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Need help With Backing up Hard drives


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#1
seedless

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Hello Everyone

So I here everyone always saying how important it is to back up hard drives and I also hear that it should be done every week. So am wondering if you guys can list several ways of doing so, and what types of applications are needed and what steps I should take in dewing so. I would greatly appreciate it.

Leo.
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#2
SRX660

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This all depends on how much data you have to save. If you have 10 to 50 Gigs of data to save a CD-RW will let you put around 650-700 Mb to a CD. If you buy enough CD's you could back up everything over a period of time. It would take 77 CD's to back up 50 Gigs. Another method is to buy a external HD and copy everything over to it. This method works but you can lose data if the external HD fails. I now burn my backups to DVD's. A DVD will hold around 4.4 gigs of data. I have 100 Gigs of data backuped to 23 DVD's. Be aware that dvd's still cost around 22-30 cents each while cd-r disks cost around 10 cents each. All my newer computers have been built with NEC DVD-RW drives. I am now using Nero 7 Ultra for my burning program although nero 5 or 6 versions work well with cd's( nero 6 will work with dvd also). You can also install a second hard drive in your computer and use it to store data but it is subject to failing like any powered device. CD's or DVD's are the way yo go if you want permanent backups. I do not save windows or programs that i install from CD's. I do save downloaded programs and all data i put on the computer.

SRX660
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#3
Rockster2U

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Hello Leo and welcome ........

You are probably going to get several opinions on whats the best strategy, procedure and software for accomplishing this but the important thing regardless of what you settle on, is to do your backups and do them on a regular basis. I'll tackle an answer from a couple of different perspectives.

Personally, I would recommend adding a second, third or fourth hard drive to any machine and using it for backups. Yes, you can also burn DVD's or CD's or use a networked drive or a flash drive but my own preference is backing up to a hard drive and I use removable drive bays so those backups can be quickly removed and transported in an emergency situation. One can and also should burn copies of the backup data and images stored on a 2nd, 3rd or 4th drive and store those off site.

Software-wise, (again, my approach) I use Ghost to image the system drive about once a month and I image to the backup drive. Acronis True Image may be better software, but I still use an older version of Ghost. Secondly, I use Karen's Replicator to do daily automatic backups of important data stores. This is very well written freeware and is as good as it gets. My own approach is to make several backup folders on that extra drive and create several jobs using Replicator. For each job, one can select a source folder and a destination folder and schedule Replicator to run automatically - daily, weekly, monthly or whatever. You can filter file types for inclusion or exclusion and can elect to include or exclude file deletions from the source drive. If one wants to be real careful, several identical daily backup folders can be made, to provide 7 (days in the week) or more incremental folders of similar data backups. This may sound like overkill, but it brings one very close to a failsafe environment and provides several restoration/rebuild options in the event of catastrophic drive failure, system crash or other emergency. Both your images and your backup data stores can and should be backed up (using Replicator) to a networked drive in another machine or burned to CD's or DVD's.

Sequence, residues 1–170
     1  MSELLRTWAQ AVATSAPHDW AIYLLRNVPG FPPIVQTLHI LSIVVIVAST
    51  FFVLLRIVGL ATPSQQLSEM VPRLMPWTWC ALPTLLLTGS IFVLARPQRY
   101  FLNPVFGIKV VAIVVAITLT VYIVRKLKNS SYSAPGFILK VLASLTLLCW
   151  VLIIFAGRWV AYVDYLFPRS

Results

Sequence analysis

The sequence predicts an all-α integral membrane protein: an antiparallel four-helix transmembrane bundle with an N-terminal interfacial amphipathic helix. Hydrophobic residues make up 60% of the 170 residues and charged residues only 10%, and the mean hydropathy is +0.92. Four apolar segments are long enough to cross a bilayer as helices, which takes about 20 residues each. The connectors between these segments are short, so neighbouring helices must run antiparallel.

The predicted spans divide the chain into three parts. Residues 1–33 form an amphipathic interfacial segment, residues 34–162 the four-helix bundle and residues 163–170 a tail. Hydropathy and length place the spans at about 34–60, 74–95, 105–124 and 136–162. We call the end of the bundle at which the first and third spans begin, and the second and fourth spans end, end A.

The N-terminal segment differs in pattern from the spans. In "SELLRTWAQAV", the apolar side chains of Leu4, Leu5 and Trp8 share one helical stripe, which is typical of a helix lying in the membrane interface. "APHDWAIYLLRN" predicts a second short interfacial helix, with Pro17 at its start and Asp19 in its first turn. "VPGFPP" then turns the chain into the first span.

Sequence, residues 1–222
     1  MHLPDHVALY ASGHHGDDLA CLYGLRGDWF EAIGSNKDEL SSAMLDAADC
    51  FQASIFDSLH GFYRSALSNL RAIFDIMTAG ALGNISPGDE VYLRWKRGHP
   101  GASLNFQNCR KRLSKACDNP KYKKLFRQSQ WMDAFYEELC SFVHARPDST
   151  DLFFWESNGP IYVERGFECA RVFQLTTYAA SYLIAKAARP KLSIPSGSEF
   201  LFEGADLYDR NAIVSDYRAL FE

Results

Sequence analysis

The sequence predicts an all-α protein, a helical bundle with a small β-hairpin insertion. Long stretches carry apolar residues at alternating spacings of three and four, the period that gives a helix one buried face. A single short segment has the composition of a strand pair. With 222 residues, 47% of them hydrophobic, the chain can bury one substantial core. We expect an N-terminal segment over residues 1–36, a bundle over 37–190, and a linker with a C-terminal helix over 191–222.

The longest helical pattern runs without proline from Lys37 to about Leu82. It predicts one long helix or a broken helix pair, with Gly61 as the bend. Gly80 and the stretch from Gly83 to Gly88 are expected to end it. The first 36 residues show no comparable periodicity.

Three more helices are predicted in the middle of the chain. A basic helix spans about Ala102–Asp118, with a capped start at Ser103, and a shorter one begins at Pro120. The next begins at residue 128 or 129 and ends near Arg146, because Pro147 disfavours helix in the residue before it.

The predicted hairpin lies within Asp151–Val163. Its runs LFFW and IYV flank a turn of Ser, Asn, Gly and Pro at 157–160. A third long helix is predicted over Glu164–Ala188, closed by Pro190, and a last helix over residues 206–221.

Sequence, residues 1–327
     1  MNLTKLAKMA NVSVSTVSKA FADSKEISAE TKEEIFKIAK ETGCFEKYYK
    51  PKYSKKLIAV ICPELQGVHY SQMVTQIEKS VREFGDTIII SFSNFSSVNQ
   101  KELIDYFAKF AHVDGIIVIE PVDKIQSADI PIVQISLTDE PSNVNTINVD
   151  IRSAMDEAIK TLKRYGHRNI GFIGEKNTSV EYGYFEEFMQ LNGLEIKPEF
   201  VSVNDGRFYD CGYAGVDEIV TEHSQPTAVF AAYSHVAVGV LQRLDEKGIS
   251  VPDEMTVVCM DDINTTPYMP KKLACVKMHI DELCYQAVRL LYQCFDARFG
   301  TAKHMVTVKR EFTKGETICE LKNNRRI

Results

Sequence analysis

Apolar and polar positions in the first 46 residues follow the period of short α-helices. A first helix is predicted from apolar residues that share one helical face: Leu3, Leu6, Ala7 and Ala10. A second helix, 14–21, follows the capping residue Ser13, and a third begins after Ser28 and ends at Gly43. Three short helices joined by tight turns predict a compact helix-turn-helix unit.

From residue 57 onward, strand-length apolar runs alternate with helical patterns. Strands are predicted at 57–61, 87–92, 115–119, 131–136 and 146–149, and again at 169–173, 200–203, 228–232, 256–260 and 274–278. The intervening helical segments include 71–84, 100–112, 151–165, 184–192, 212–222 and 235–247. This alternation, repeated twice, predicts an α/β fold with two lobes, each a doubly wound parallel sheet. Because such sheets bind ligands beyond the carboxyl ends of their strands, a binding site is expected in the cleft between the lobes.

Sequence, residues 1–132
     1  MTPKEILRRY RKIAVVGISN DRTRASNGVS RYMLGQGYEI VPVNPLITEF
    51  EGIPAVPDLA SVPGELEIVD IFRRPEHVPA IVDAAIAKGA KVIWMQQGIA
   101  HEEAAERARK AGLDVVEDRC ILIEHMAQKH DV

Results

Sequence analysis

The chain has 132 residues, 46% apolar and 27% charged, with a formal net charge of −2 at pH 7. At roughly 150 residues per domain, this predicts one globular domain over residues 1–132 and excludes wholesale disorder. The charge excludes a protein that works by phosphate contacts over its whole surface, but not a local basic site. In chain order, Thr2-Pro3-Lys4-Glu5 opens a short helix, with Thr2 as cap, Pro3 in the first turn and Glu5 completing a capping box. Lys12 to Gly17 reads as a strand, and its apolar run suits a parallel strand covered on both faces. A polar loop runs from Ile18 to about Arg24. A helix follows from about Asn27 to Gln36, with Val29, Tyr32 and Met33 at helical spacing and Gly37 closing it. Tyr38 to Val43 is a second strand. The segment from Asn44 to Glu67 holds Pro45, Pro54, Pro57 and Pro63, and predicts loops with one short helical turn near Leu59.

I hope this doesn't sound too daunting because its a relatively simple procedure and will have you back up and running without a hitch on a brand spanking new drive in less than a half hour with no hiccups if your main drive ever gets totally hosed. I'm sure you'll get some other comments and suggestions but this is what works for me and its a well tested proven approach.

:tazz:
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#4
Kemasa

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The decision on how often to backup is based on how much data you are willing to lose. If you don't make many changes, then you could just save those files elsewhere.

You also need to consider what you are backing up. Do you really need to constantly backup the operating system or are you willing to set it up again and install everything.

If you keep your important data in a separate location, then you can backup just that data more often.
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#5
seedless

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I appreciate everyone’s opinions and am very grateful for your time. I well take into consideration all your ideals and points of views.

Leo
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